“Wow your english is so great for a muslim,” “What’s your name?…… oh… when did you convert?”

Sound familiar to you? If you are a multiethnic muslim you may have experienced some of these scenarios both with non-Muslims and fellow Muslims alike. If you were born in the US you might constantly get “Wow how is your english so good.” from non-Muslim (even those of your same culture). You may have also been asked repeatedly by other muslims when you converted simply because you aren’t a part of the majority ethnic group in your area.

Being Multiethnic in itself can be challenging. As multiethnic children grow older, they can often find themselves identifying with one side of their identity more than the other. Whether it be due to the fact that they are closer to one parent or just enjoy the strong cultural aspect of one over the other. It can often be so discouraging to not feel like you are enough of either half of your identity. When this is paired with a third identity of being Muslim, it can be very difficult to feel comfortable in your own skin and have a sense of belonging. The experience of a multiethnic muslim is impossible to sum up in only a few points, however here are four of the most prevalent struggles about being a multiethnic Muslim.

Split Identity

Many of our multiethnic youth feel that they have to constantly switch between their identities. With sometimes contrasting cultural expectations, a sense of belonging doesn’t always come easy. When with a group from one culture they might feel that they have to pretend to have particular interests or talk in a certain way in order to be acknowledged and accepted. When surrounded by individuals from the other half of their identity the same is true. This can lead to low self esteem and feeling like they can never be true to themselves due to the constant strain of trying to fit in.

Not being accepted 100% by any part of your identity

The disappointment of not being cultural enough to be embraced is a lot to carry. Cultural identity and pride often leans into every aspect of life. There are many unfortunate times where one half of your identity may not accept you due to not “speaking the right language” or “not having the most common faith practiced by  others.” Religious and cultural practices often go hand in hand and being Muslim can often mean that multicultural Muslims can be excluded from part of their identity due to discrimination.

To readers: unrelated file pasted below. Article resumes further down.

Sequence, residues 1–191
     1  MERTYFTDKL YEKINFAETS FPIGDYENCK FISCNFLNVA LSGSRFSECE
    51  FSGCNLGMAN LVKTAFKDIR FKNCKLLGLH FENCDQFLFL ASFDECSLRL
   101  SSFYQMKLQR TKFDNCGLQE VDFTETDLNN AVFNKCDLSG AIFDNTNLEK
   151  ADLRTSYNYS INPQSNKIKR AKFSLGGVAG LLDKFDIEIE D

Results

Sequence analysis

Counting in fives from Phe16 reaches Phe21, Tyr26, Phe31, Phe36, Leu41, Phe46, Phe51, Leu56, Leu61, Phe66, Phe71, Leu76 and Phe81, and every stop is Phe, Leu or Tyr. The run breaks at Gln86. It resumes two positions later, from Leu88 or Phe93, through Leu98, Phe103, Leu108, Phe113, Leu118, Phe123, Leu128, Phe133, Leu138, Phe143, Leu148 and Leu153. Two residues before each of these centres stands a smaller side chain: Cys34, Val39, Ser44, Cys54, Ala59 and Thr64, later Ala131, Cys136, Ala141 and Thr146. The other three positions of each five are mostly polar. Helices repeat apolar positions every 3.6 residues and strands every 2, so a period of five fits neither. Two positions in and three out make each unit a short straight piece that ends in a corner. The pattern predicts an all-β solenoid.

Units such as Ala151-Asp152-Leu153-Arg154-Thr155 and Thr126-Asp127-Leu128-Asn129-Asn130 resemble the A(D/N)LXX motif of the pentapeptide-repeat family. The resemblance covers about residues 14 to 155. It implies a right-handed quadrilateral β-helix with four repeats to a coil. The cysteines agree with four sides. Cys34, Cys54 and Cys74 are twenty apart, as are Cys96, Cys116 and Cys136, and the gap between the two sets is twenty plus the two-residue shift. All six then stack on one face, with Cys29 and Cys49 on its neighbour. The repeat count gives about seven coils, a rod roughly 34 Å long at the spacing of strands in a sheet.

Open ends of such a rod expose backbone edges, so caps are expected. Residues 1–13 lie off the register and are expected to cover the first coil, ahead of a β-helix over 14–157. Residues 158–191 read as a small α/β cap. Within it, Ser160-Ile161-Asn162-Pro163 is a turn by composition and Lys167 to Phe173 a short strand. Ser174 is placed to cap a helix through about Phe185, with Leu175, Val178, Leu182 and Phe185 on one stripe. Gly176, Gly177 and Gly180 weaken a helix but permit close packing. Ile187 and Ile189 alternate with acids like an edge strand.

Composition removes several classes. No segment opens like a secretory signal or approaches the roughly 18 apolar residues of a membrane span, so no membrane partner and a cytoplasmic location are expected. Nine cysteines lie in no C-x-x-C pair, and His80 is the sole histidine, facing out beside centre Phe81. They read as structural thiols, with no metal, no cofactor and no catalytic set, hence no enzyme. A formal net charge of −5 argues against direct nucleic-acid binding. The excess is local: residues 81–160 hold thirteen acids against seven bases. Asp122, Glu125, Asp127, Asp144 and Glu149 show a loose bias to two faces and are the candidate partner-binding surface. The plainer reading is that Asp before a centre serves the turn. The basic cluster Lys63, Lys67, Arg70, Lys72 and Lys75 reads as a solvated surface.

Not being Muslim Enough

There are times when Muslim identity can be very strongly identified as a culture rather than a faith. As a muslim you can be expected to act a certain way and carry yourself a certain way. Sometimes cultures emphasize practicing Islam in a very particular way that can feel foreign to multicultural muslims. It can be very easy to feel anxious and intimidated when feeling like you can’t blend in or don’t understand Arabic terminology for elements of your faith. It can often leave our youth feeling lost or overwhelmed, sometimes feeling like they cannot measure up. This can lead to feelings of insecurity and can sometimes affect spiritual health.

Pressure of expectations

The pressure of expectation can be true for most youth. Some common pressures include ensuring that you uphold cultural practices while also trying to follow Islamic practices. Or feeling like you need to “fix” all the elements of your identity that are seen as different or not correct by others. Feeling “wrong” in your own skin and feeling the constant pressure to “fix” yourself and think a certain way is a lot to carry. 

All of this is not to say that being a Multiethnic Muslim doesn’t come with many perks as well! A mixed identity can give you a door into so many different cultures that you wouldn’t have been exposed to otherwise. It can help you to separate culture from Islam and be able to understand your faith in a new light. There are so many ways that being a part of different worlds can lead to more connections and an opportunity to remind others that Islam is for everyone. 

Making connections with others and understanding the different experiences among us is so important in order to be able to support each other. Talk to your multiethnic friends and get their perspective on what their experiences have been like.

Something to read and think about:

https://english.alaraby.co.uk/english/comment/2018/6/11/ethnicity-vs-religion-what-does-being-a-muslim-mean

Do you have an experience that you would like to share? Message us and share your experiences with us or give us suggestions for any future topics.